Kirkland’s Helena Scutt will compete with her California partner in sport’s debut Friday.
History will be made Friday when Kirkland’s Helena Scutt and her Coronado, Calif.-based sailing partner Paris Henken line up on the start line in Rio de Janeiro in their 49erFX skiff with the big U.S. flag pattern on the sail.
This Olympics marks the debut of women’s high-performance skiff sailing, and Scutt and Henken will be the first pair of sailors to represent the U.S. in the 49erFX.
They have Seattle’s Jen Morgan Glass to thank for the opportunity. Glass, 36, is widely acknowledged as one of the main players in the drive to get women’s high-performance skiff racing into the Olympic Games.
“I can say unabashedly that it wouldn’t have happened without Jen,” said Julian Bethwaite, who designed the 49er, the boat the 49erFX was based on.
The fight to get women’s skiff racing into the Olympics was an uphill battle that spanned eight years and multiple countries.
But it all started one summer day in San Francisco in 2005, when Glass fell in love with a boat that forever altered her perspective on sailing.
Glass is a former international-class sailor who has long held Olympic aspirations of her own.
Sailing the 470 class racing dinghy, Glass came painfully close to making the Athens Olympics when she finished third in the 2003 U.S. Olympic trials and wrapped up that year with full intention of bouncing back to qualify for the 2008 Beijing Olympics.
Life, however, had other plans for Glass.
In 2005, while with her husband, Ben, at the 29er World Championships in San Francisco, Jen tried her hand at skiff racing for the first time and fell in love with the craft.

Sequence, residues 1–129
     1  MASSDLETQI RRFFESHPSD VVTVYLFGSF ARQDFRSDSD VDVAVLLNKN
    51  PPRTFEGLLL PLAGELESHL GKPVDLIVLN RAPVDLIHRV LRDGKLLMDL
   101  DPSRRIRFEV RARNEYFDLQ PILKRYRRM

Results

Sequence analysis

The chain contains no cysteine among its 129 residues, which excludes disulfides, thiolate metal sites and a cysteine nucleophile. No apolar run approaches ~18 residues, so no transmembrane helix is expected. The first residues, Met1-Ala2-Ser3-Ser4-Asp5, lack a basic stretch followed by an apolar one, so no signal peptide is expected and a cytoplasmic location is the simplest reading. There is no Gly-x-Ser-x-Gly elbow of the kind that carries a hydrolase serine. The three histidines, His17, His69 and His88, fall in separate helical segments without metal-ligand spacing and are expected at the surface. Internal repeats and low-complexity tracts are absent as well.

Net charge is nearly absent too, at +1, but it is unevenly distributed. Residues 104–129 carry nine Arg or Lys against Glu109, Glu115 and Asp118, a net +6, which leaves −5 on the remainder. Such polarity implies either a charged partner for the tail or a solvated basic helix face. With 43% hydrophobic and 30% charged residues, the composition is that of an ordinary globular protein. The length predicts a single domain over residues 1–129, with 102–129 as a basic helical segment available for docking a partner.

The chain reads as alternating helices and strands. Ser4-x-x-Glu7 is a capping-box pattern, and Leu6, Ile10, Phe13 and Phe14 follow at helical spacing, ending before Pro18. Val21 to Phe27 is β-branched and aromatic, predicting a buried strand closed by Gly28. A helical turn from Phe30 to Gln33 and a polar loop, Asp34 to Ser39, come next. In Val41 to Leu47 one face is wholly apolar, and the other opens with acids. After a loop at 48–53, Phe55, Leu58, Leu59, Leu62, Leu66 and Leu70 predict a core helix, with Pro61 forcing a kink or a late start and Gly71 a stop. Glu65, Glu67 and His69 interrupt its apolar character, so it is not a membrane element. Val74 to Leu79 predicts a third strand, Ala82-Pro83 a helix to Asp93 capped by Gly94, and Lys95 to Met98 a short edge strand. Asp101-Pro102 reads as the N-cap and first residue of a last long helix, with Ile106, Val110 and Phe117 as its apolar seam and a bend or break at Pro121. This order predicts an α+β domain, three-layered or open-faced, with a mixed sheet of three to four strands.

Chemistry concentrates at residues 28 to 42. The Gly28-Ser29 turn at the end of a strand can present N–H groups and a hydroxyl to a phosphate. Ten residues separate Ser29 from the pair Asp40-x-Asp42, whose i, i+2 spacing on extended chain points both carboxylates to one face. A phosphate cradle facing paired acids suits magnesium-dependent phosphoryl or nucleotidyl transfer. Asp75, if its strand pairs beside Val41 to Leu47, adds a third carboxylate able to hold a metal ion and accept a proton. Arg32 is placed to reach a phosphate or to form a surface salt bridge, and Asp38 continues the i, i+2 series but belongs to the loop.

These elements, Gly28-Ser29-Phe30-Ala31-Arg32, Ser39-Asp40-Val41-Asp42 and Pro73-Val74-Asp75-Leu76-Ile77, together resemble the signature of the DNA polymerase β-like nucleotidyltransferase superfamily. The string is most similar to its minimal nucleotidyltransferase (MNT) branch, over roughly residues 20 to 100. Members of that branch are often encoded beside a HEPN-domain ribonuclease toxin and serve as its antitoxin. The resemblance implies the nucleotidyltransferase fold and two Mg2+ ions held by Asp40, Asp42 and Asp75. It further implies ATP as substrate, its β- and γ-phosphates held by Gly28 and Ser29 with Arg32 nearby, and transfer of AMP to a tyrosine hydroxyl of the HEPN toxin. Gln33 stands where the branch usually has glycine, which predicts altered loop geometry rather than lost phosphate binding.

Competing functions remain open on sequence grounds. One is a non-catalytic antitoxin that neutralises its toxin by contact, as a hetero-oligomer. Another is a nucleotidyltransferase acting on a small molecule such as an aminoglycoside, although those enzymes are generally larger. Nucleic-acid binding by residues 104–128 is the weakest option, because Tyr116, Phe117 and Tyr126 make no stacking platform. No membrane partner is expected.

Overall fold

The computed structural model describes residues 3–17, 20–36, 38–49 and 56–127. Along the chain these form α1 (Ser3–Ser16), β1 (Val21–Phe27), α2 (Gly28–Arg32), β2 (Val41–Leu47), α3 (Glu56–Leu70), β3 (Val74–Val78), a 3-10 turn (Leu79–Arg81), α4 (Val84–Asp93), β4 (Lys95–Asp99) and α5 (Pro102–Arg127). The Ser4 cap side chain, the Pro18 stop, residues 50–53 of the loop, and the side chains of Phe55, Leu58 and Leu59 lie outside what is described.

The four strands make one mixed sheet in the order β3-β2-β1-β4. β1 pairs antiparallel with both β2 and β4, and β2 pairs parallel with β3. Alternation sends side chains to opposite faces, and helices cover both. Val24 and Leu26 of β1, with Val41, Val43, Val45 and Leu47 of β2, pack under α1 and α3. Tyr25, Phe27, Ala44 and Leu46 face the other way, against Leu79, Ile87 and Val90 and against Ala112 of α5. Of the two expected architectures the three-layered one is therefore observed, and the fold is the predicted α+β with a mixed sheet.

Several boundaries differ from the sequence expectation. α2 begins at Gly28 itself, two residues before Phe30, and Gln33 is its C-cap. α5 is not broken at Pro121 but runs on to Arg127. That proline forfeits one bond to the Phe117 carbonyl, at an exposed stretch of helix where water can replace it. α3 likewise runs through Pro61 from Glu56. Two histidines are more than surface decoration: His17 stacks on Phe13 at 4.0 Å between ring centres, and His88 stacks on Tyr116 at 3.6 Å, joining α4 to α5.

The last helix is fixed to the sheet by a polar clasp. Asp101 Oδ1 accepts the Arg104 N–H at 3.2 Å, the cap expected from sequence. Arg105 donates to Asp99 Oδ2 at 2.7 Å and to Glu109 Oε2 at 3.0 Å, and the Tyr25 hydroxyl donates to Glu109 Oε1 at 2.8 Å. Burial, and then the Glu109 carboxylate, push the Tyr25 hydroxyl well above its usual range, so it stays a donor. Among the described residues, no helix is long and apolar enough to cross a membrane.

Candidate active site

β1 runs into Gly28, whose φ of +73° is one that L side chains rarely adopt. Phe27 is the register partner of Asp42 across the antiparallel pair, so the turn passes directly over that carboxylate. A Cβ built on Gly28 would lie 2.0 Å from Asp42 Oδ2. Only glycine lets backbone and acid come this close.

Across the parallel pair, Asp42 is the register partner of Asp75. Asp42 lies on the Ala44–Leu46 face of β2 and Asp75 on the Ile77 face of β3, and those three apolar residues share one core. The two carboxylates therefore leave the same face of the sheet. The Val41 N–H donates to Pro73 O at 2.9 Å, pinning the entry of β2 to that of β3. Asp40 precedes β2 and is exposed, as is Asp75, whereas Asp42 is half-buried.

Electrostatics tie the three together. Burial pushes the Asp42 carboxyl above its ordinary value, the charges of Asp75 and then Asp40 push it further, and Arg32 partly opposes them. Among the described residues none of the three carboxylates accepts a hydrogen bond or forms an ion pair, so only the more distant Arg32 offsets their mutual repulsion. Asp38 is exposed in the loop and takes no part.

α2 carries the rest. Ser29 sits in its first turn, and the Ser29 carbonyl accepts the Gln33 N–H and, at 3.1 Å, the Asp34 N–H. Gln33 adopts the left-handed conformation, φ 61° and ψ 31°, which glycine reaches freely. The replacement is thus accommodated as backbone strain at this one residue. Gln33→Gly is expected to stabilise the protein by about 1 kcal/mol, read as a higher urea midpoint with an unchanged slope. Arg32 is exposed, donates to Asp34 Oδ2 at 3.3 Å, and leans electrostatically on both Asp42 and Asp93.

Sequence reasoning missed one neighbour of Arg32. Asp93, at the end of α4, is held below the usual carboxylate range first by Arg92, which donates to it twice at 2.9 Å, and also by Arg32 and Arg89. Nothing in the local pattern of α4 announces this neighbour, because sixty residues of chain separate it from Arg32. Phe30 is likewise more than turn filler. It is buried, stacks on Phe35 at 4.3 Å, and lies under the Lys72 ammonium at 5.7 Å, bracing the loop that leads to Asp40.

The boat Glass sailed in 2005 was Bethwaite’s prototype of the 29erXX, a smaller, easier-to-steer precursor to the 49erFX that Henken and Scutt will sail this week in Rio.
At that point, Glass’ ambitions morphed. She decided that the next time she mounted an Olympic campaign, it would be as a high-performance skiff sailor.
The problem, however, was that in 2005, there was no women’s skiff-racing event in the Olympic sailing lineup. Thus began the quest to get women’s skiff racing into the Olympic Games.
Over the next five years, Glass devoted herself to the cause of drumming up interest in the 29erXX all over the world. She took on the position of 29erXX class association president and organized numerous international events to get women acquainted with the new skiff, became the point person for all related marketing and sponsorship efforts, and tried to squeeze in as many sailing opportunities as she could get — all while juggling these organizational duties with her full-time job as a tech consultant.
In the early days, Glass would sail in the events she organized, usually with a different partner each time. (One of these women was Scutt, who was originally coached in the juniors boat, the 29er, by Jen’s husband, Ben.)
The idea was to expose as many women as possible to skiff racing. But it also made it tough for Glass to perform to what she knew was the best of her abilities in each of these events.
“It’s really hard to have a full-time job, do all the organizing for the event, then show up and race at the level you want to race at,” Glass said. “I was still racing, but I hadn’t practiced. And that was painful because I’m pretty competitive.”
Still, she kept at it, always mindful of the greater goal of getting another women’s sailing event into the Olympics.
“The amount of work she put in can’t be understated,” said Marcus Spillane, the president of the class associations of three of the 10 Olympic sailing events. “She really was the champion for women’s skiff sailing. She was enthusiastic and really got a lot of young girls involved, giving them demos and getting a lot of events up. Really, what she did was push respectability around the application for the women’s skiff.”
By 2010, it looked as if Glass’ efforts had started to bear fruit.
“We started to have more events in more places, and that was the point where we got to 100 (29erXX) boats worldwide. That was pretty big,” Glass said.